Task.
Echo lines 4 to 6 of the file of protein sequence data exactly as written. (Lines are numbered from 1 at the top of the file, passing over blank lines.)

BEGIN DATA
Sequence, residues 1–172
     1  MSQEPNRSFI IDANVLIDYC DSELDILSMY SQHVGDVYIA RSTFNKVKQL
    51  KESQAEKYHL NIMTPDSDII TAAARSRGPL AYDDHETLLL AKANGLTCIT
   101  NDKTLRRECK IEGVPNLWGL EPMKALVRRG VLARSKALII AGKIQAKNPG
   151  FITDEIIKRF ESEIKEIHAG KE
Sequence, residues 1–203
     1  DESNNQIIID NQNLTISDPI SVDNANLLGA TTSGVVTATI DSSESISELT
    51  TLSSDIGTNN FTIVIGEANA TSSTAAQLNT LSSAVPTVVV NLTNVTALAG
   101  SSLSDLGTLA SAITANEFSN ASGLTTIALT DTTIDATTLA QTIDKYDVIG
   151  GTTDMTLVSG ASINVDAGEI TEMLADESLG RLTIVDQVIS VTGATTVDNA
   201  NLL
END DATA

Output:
   101  NDKTLRRECK IEGVPNLWGL EPMKALVRRG VLARSKALII AGKIQAKNPG
   151  FITDEIIKRF ESEIKEIHAG KE
Sequence, residues 1–203